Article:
Problems and Possibilities -A Look at Foreign Policy

Problems and Possibilities -A Look at Foreign Policy

Punch recently published a cartoon that shows three frightened little men storming into a launching station for guided missiles and shouting, “It’s coming back!” John Foster Dulles must have had similar feelings during the last few months as his whole array of “liberation” propaganda threatened to blow up in his face.

Since the events in Poland and Hungary it has become clear that American foreign policy, far from being geared to the liberation of the satellites, is in fact committed to a tacit agreement with the Russians not to upset the unstable equilibrium that has slowly been established between the two remaining world powers. As Hans J. Morgenthau has written:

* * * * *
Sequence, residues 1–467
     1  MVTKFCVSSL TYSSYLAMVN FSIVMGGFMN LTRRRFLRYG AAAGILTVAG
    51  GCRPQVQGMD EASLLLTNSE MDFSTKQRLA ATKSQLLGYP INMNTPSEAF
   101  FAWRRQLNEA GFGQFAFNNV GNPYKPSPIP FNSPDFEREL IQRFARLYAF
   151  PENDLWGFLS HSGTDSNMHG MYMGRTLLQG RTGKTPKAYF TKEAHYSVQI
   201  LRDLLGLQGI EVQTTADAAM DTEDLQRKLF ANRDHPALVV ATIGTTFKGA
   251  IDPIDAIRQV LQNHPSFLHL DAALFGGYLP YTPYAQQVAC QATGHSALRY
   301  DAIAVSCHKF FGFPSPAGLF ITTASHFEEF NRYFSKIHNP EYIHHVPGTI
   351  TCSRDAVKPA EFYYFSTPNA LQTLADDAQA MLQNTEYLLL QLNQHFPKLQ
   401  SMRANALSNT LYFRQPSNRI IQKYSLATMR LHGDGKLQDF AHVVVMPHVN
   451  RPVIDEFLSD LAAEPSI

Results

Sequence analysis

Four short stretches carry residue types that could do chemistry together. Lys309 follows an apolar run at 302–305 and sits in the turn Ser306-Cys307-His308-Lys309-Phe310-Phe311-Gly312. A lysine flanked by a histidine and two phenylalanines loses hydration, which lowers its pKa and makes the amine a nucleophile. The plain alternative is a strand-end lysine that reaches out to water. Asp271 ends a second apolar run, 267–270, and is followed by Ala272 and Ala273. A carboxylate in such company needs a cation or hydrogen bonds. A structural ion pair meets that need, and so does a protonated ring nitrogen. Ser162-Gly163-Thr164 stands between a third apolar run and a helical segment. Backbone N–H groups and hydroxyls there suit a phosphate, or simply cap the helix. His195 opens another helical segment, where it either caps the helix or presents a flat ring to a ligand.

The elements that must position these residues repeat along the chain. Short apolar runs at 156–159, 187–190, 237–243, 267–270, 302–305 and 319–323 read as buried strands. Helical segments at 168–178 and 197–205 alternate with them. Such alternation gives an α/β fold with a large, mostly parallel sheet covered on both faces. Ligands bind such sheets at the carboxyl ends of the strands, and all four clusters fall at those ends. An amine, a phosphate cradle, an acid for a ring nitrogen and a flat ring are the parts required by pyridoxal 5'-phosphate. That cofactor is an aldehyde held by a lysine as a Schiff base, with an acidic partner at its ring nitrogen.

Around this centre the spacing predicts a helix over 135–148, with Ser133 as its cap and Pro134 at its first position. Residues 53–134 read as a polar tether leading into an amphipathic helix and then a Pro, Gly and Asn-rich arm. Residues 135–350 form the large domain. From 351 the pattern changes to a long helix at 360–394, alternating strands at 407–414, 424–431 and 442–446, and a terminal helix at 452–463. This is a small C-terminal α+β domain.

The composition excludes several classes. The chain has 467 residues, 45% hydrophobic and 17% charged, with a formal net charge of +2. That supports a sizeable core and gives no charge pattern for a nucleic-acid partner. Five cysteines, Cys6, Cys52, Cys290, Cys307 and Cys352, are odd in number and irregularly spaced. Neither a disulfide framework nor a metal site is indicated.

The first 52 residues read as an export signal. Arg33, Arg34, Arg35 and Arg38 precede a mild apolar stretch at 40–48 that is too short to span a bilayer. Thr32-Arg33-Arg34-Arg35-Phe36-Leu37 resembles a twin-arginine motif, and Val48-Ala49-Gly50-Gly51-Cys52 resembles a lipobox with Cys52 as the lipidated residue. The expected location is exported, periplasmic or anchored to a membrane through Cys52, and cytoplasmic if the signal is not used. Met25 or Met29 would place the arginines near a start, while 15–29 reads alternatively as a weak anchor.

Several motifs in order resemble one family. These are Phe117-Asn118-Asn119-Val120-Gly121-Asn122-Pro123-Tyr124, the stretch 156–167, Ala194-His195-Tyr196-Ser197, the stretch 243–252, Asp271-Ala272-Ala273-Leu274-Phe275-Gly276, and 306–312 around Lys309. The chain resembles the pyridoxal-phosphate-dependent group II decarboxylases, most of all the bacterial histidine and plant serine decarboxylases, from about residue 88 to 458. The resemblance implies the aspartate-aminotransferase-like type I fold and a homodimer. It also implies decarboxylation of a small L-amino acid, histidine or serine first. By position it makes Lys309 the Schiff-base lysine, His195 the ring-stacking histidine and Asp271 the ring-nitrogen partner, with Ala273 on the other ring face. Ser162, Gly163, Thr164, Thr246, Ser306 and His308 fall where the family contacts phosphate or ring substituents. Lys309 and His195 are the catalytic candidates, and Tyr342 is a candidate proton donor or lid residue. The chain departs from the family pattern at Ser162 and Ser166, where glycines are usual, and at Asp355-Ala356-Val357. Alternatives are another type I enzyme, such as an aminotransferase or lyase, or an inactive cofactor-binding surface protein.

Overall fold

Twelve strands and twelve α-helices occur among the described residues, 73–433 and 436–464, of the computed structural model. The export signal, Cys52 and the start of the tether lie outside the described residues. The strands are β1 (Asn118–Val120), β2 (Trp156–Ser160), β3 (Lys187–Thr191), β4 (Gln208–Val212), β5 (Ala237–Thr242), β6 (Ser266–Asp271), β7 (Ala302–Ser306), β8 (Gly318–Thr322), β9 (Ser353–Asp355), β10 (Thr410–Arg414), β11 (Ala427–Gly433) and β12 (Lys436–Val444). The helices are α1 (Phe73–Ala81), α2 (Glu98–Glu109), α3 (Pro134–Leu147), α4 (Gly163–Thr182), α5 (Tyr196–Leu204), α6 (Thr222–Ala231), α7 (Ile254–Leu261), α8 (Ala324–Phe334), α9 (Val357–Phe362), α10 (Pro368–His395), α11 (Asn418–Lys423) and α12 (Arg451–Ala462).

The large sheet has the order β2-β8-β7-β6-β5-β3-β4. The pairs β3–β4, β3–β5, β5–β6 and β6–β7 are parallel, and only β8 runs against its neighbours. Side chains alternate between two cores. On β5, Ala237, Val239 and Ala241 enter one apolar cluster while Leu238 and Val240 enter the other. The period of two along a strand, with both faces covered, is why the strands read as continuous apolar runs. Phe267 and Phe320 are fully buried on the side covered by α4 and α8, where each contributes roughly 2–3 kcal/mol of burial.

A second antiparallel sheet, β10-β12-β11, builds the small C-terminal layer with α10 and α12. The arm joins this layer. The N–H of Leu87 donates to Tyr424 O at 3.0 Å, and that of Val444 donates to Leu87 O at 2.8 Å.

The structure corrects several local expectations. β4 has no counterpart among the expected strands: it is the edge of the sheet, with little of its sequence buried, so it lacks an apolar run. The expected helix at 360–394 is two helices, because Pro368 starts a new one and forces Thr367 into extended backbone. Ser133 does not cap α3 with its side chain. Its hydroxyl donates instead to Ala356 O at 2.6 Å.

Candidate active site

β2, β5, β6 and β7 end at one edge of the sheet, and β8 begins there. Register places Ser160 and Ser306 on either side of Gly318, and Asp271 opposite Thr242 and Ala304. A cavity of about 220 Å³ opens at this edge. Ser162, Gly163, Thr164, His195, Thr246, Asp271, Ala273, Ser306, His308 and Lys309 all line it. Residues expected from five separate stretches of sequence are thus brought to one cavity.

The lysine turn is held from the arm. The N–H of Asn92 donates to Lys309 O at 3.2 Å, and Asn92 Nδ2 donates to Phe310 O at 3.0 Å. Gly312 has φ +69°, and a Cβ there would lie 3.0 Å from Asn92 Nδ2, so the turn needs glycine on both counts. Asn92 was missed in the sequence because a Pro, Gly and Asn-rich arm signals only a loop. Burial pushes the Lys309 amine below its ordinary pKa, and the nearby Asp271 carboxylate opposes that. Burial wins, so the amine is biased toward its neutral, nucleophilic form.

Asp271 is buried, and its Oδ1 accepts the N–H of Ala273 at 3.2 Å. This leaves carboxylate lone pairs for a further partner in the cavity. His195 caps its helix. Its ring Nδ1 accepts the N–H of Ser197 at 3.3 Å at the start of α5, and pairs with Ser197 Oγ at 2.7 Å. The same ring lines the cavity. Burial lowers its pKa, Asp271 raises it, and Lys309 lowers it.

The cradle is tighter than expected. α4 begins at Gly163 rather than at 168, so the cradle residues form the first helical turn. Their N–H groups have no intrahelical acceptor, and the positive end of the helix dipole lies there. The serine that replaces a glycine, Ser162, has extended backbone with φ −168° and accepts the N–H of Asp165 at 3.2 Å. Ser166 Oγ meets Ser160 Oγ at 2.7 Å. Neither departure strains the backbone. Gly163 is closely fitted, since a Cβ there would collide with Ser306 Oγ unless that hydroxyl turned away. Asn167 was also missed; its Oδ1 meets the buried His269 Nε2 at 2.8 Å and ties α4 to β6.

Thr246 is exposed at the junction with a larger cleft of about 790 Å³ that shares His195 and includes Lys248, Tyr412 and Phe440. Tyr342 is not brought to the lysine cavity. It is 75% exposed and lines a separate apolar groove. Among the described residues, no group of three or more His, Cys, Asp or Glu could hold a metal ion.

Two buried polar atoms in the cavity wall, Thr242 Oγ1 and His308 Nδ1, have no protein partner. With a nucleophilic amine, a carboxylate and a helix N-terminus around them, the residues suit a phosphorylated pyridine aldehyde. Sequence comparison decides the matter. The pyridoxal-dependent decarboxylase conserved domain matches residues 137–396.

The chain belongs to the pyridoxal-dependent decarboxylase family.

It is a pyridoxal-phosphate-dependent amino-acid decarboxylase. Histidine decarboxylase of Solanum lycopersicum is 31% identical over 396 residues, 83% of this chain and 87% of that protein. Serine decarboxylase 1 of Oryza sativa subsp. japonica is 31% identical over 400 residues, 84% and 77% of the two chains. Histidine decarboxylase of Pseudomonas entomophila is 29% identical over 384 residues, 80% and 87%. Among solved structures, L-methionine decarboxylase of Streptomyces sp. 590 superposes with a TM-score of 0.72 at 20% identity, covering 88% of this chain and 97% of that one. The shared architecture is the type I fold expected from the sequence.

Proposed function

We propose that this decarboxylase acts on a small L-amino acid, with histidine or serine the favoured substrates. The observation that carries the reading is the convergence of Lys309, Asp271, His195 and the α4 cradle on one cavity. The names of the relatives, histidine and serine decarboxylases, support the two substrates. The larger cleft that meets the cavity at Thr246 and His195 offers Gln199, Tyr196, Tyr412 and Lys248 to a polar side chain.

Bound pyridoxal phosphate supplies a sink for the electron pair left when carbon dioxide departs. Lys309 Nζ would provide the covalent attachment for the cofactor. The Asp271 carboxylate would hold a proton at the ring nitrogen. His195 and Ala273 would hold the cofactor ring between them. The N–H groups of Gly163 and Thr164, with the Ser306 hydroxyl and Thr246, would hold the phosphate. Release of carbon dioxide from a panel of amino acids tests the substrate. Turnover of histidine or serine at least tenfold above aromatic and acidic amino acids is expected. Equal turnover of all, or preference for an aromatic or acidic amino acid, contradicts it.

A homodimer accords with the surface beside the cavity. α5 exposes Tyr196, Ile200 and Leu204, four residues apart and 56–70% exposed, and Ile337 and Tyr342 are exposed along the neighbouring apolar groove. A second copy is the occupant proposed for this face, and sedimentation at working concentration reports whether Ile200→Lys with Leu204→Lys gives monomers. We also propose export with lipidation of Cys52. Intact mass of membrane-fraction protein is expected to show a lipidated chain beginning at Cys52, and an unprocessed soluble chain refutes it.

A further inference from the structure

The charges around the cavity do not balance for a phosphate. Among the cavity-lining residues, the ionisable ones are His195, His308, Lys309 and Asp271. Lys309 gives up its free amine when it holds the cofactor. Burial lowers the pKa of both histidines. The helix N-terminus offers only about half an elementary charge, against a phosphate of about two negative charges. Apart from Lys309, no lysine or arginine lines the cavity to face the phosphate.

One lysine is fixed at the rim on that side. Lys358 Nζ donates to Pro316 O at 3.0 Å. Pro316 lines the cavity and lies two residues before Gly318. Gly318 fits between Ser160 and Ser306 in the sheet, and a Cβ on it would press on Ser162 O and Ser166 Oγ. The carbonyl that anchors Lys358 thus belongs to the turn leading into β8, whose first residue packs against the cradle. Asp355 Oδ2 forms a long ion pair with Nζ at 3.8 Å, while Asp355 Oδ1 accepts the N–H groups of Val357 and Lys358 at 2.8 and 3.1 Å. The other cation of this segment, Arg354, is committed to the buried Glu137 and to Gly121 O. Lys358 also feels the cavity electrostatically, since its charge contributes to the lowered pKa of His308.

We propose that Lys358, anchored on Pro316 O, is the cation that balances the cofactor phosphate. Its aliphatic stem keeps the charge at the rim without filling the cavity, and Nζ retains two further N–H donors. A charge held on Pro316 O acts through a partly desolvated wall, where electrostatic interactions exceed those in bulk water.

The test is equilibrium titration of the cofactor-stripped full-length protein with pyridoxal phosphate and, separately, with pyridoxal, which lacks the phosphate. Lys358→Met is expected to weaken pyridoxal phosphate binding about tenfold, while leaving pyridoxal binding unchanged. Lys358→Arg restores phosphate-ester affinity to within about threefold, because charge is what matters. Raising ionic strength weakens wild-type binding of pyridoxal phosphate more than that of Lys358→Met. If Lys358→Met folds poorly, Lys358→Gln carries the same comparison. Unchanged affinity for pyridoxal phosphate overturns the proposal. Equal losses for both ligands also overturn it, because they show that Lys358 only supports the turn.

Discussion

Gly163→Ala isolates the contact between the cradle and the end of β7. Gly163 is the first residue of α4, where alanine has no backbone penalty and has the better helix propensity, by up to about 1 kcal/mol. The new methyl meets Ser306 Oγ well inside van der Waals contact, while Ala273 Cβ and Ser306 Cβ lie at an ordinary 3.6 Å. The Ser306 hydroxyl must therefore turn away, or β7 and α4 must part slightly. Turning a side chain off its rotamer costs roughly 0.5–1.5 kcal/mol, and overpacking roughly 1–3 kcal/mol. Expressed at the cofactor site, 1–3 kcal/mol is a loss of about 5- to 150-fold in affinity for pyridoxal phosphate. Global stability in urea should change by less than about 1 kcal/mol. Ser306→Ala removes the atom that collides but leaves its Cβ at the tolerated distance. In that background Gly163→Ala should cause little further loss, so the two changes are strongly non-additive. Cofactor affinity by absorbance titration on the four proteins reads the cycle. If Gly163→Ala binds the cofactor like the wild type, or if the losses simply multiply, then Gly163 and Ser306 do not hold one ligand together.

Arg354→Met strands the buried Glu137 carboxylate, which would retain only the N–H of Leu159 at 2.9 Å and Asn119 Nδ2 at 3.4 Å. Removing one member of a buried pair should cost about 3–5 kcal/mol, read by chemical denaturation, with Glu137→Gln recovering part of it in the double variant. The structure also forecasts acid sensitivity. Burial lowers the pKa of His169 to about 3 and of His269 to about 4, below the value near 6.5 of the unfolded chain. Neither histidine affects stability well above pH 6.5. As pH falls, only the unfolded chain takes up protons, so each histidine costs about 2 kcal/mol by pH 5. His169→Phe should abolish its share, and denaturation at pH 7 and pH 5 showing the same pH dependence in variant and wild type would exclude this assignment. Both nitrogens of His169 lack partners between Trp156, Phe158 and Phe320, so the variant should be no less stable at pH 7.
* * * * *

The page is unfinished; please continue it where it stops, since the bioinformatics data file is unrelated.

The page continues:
The events of the fall of 1956 have opened up a gap between our verbal commitment to a policy of liberation and the actual policy we pursued when the opportunity, not to initiate liberation, but to support it after it had already been achieved, arose in Hungary.. . The United States, far from seeking out or creating opportunities for opening the door to liberation, has proven to be unwilling even to enter the door when a satellite nation kicks it wide open. (Commentary, February, 1957)


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